The Blair Museum of Lithophanes was founded by Laurel Gotshall Blair (1909-1993), a native Toledoan whose father had opened the Blair Realty and Investment Company in 1908. Blair Realty was a major developer in Toledo in the 1920s, creating such communities as the upscale Heatherdowns area with its own country club. Mr. Blair attended Scott High School and the University of Michigan, and like his father before him, served as President of the Toledo Board of Realtors.
A born collector, Laurel Blair, first discovered lithophanes in October 1961. He was attending a meeting of some collectors from the International Music Box Society in Berlin Heights, Ohio. There he saw something he’d never seen before; two delicate porcelain pictures - magically illuminated by the sunlight - hanging in the window. He learned they were “lithophanes” and, as he later wrote, he “fell in love.”
Over the next several decades, Mr. Blair, truly a world traveler, amassed the largest collection of lithophanes in the world. In March, 1965, he opened a private museum in his Old West End Toledo home where he exhibited more than a third of his collection of over 2,300 lithophanes.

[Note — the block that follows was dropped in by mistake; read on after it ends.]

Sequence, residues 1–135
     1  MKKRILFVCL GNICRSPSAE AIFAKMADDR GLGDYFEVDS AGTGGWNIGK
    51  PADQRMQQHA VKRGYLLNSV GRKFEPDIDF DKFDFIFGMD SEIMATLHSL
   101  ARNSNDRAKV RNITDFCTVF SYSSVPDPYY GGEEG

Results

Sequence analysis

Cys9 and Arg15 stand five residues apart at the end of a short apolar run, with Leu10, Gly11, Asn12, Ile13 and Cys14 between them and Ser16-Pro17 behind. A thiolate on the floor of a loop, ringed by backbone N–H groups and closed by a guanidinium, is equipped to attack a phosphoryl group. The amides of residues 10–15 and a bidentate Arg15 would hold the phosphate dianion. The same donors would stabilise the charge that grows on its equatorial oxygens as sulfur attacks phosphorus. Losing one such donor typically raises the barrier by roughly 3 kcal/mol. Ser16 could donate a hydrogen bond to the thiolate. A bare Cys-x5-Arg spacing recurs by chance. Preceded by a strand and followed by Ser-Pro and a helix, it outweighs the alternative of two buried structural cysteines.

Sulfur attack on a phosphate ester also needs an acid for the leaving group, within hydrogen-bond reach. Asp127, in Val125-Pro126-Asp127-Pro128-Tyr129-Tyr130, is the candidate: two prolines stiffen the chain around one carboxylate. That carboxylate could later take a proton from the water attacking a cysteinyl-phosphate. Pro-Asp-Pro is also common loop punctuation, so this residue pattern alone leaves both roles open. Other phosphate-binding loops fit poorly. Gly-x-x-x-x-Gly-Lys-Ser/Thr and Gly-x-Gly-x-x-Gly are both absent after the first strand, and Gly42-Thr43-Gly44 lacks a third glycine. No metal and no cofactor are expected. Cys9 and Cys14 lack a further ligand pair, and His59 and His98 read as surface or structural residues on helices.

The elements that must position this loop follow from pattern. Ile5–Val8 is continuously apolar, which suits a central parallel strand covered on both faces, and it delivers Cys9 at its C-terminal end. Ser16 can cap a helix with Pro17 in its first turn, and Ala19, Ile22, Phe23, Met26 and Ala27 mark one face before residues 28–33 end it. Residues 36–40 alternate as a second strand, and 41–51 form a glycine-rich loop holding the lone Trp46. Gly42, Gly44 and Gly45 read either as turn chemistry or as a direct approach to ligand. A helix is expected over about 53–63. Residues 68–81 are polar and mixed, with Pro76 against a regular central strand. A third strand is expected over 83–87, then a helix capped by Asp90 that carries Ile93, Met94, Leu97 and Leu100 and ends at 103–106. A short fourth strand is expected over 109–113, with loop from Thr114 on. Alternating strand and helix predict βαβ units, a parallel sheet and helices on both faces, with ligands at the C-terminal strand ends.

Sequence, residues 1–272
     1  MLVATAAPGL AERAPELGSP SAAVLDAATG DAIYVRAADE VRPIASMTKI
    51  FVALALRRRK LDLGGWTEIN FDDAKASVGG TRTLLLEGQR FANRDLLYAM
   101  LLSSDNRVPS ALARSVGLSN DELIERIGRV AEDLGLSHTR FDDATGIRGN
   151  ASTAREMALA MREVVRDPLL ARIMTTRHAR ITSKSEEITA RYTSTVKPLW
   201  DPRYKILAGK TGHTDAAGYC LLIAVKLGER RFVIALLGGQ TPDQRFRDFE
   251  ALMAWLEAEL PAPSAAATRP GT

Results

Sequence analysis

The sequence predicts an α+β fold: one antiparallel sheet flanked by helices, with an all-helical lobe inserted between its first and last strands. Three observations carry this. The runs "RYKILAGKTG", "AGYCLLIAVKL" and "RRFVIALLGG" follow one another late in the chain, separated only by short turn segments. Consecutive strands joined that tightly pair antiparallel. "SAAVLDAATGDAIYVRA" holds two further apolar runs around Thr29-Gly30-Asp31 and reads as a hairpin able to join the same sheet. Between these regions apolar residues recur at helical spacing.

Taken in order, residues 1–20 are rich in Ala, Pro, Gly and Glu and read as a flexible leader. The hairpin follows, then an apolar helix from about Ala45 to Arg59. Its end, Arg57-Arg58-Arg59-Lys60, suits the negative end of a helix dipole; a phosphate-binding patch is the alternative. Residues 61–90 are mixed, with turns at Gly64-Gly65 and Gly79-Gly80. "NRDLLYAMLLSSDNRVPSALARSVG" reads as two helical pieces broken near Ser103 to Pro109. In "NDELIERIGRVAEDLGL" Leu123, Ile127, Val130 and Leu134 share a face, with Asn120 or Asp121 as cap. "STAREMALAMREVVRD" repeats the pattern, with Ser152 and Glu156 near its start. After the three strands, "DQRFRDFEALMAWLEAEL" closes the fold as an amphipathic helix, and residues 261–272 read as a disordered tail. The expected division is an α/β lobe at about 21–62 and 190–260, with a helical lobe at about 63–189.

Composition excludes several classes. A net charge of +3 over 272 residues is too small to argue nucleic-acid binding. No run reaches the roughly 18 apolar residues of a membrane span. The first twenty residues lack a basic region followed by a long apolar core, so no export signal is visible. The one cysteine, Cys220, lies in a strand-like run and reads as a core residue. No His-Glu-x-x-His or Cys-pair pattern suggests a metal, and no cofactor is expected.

Prior to his death in 1993, Mr. Blair donated the collection to the City of Toledo. Dedicated volunteers worked diligently for nearly ten years, photographing and cataloguing the collection and overseeing the renovation of a building located at the Toledo Botanical Garden. In July 2002, the new museum opened to the public in that transformed space.
In 2018, Metroparks Toledo assumed control of the Toledo Botanical Garden and shortly thereafter The Friends of the Blair (the nonprofit board that oversaw the collection) was advised of the decision to repurpose the building. The Friends of The Blair Board worked diligently for a year to secure a new home for the collection and meet Metroparks' Toledo September 2020 deadline to vacate. Just ahead of that deadline, in cooperation with the Friends of the Blair and in accordance with the original 1993 agreement, the City of Toledo graciously donated the collection to the Schedel Arboretum & Garden for public display. After renovations to the manor house the exhibit opened on April 1, 2021, and will be permanently on exhibit in the 1800's manor house at the Schedel Arboretum and Garden and once again known as The Blair Museum of Lithophanes.